Former PM Khin Nyunt was ousted in late 2004

2003 May - Aung San Suu Kyi taken into "protective custody" after clashes between her supporters and those of government.

2003 August - Khin Nyunt becomes prime minister. He proposes to hold convention in 2004 on drafting new constitution as part of "road map" to democracy.

2003 November - Five senior NLD leaders released from house arrest after visit of UN human rights envoy.

2004 January - Government and Karen National Union - most significant ethnic group fighting government - agree to end hostilities.

2004 May - Constitutional convention begins, despite boycott by National League for Democracy (NLD) whose leader Aung San Suu Kyi remains under house arrest. The convention adjourns in July.

Prime minister ousted

2004 October - Khin Nyunt is replaced as prime minister amid reports of a power struggle. He is placed under house arrest.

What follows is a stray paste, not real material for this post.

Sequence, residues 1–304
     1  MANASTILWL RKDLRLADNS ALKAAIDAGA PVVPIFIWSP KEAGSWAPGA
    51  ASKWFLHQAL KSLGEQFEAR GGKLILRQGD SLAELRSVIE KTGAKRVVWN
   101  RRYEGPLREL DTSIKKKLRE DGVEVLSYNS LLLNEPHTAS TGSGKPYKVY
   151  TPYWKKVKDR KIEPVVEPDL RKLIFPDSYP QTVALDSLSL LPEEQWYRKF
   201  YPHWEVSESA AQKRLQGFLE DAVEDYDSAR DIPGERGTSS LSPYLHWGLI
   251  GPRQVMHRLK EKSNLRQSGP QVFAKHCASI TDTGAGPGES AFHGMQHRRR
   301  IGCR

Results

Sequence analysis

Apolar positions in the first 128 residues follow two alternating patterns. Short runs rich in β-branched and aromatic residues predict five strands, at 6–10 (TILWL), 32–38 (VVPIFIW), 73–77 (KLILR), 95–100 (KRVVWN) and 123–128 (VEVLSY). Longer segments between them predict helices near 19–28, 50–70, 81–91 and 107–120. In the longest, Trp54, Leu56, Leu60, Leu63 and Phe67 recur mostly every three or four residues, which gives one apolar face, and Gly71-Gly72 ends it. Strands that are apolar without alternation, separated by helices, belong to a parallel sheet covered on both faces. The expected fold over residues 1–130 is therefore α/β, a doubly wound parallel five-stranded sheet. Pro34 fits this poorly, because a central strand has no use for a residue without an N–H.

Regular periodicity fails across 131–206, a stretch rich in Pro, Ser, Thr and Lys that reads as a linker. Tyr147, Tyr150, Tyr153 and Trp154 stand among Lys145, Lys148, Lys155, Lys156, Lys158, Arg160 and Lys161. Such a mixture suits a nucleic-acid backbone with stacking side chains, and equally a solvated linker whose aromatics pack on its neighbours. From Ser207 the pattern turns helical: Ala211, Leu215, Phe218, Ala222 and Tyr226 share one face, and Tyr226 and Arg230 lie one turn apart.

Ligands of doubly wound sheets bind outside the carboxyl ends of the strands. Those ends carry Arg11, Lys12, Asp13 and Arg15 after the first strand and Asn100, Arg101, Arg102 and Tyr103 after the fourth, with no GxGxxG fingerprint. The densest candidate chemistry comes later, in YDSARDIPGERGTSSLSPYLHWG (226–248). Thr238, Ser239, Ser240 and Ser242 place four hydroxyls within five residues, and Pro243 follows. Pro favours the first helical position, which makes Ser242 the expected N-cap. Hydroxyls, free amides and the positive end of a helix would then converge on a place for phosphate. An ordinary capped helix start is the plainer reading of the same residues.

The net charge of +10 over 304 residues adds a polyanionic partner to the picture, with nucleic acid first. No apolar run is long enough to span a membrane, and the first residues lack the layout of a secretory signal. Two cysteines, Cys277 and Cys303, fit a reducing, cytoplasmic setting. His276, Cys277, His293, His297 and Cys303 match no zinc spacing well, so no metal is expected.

Railway station, Pyinmana
Pyinmana: New capital is in a remote region

2004 November - Leading dissidents are freed as part of a release of thousands of prisoners, including Min Ko Naing, who led the 1988 pro-democracy student demonstrations.

2004 December - Giant waves, generated by an undersea earthquake off the Indonesian coast, hit the coast. The prime minister says 59 people were killed and more than 3,000 left homeless.

2005 February - Constitutional convention resumes, but without the participation of the main opposition and ethnic groups. Talks end in January 2006 with no reports of any clear outcomes.

2005 7 May - Three near-simultaneous explosions go off in shopping districts in the capital; the government puts the death toll at 23.

2005 July - Asean announces that Burma has turned down the 2006 chairmanship of the regional grouping.

2005 November - Burma says its seat of government is moving to a new site near the central town of Pyinmana.

2006 March - The new capital hosts its first official event, an Armed Forces Day parade.